Examples of proteases include pepsin which helps degrade proteins in the stomach, trypsin which is secreted by the pancreas and also involved in protein digestion, thrombin which aids clot formation by conversion of soluble fibrinogen to insoluble fibrin, plasmin which helps dissolve blood clots and angiotensin-converting enzyme which forms the active hormone angiotensin II from angiotensin I to maintain blood pressure as part of homeostasis.

Classes of Protease

Proteases may be defined on the basis of where they cleave a peptide bond within their substrates and by the mechanism of their catalysis. For example, an endopeptidase cleaves peptide bonds within a peptide chain while an exopeptidase cleaves peptide bonds at the end of a peptide chain. If classified after the catalytic mechanism a protease is defined by the amino acid or co-factor involved. For example a serine protease uses a serine residue for nucleophilic attack of the peptide bond, aspartic proteases use an aspartate residue to cause an activated water molecule to act as a nucleophile and metalloproteases use a coordinated metal ion such as zinc to similarly induce a nucleophilic attack by water. Threonine and cysteine proteases also exist and use essentially the same mechanism as serine proteases.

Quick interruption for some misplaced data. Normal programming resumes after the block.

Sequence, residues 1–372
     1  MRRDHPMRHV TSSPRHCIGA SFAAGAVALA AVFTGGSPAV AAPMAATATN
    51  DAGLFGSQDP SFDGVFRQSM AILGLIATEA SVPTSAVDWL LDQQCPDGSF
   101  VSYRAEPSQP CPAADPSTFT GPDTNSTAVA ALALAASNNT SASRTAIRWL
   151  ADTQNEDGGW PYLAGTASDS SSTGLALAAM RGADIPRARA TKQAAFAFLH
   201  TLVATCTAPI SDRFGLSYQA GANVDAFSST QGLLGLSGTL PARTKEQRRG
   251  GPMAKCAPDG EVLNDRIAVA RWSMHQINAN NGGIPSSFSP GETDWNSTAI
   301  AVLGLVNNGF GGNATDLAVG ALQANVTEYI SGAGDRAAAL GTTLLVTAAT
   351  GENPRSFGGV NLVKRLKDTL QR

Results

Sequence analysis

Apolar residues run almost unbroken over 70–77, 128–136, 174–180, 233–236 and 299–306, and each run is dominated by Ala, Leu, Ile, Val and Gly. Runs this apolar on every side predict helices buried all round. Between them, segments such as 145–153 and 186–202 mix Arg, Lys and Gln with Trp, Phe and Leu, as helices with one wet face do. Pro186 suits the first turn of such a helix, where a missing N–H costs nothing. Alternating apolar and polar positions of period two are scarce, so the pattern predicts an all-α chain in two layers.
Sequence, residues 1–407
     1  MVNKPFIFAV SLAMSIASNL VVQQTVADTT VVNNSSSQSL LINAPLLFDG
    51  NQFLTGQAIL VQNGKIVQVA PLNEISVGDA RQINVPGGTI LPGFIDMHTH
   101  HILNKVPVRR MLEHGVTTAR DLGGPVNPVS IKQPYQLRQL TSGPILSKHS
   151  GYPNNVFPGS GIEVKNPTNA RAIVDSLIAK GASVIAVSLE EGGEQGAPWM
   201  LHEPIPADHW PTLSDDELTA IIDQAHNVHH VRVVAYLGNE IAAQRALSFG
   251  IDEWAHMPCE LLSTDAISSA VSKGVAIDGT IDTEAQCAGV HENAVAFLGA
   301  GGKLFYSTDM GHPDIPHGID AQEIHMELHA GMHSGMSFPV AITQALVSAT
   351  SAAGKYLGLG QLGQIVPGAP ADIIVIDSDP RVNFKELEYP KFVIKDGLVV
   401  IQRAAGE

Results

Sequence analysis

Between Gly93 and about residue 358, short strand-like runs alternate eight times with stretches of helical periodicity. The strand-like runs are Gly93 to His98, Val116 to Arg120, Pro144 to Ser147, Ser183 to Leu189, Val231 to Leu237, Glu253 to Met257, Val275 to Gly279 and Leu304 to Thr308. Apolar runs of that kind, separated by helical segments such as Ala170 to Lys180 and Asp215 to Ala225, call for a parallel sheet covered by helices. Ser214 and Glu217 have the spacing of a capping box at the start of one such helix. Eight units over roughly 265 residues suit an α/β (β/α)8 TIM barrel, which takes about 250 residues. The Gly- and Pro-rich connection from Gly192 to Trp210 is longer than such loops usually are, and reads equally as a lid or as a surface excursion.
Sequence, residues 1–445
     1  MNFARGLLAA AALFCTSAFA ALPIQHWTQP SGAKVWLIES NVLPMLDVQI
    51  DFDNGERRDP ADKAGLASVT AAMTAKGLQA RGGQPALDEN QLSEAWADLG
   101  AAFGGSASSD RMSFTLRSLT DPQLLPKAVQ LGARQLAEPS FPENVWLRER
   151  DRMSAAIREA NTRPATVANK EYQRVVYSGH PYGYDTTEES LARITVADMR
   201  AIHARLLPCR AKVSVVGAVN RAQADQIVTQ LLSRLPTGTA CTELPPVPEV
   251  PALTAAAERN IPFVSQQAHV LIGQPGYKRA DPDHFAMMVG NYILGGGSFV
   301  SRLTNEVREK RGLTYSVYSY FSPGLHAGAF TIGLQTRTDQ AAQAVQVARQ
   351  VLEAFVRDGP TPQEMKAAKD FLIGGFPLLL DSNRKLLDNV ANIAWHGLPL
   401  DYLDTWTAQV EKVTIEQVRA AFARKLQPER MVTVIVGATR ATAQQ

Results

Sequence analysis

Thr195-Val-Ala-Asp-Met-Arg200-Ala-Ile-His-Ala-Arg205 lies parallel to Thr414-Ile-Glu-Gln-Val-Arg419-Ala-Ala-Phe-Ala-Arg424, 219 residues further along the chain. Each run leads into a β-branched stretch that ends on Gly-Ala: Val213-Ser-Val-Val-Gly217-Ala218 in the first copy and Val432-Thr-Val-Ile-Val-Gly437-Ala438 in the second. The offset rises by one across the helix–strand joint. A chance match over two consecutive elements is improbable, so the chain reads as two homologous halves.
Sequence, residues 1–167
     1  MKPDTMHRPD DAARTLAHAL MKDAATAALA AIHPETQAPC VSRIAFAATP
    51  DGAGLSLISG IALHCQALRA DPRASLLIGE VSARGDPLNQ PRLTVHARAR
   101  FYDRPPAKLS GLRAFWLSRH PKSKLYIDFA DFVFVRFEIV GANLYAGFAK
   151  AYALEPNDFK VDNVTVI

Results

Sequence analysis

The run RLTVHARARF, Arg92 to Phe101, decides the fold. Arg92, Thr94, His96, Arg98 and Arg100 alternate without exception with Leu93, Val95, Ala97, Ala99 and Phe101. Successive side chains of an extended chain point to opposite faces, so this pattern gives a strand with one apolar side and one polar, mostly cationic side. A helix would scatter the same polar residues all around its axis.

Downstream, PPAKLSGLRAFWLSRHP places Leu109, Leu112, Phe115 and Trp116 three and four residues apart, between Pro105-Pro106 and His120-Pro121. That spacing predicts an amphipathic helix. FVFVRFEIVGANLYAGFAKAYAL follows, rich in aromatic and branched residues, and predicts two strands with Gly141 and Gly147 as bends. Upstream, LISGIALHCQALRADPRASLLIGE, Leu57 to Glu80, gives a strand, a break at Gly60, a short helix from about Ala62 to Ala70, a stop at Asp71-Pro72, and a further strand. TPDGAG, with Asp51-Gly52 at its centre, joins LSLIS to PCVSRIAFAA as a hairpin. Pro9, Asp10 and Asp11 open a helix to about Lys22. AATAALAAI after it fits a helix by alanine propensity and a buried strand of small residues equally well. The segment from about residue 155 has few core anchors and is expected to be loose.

In vivo the action of proteases can be regulated in a number of ways. Regulation may come in the form of protease inhibitors, rate of synthesis or rate of degradation. Many proteases are synthesised in an inactive form called a zymogen (a type of proenzyme) which has a distorted active site. Zymogens can themselves be activated by proteolytic cleavage to yield the active form of the enzyme.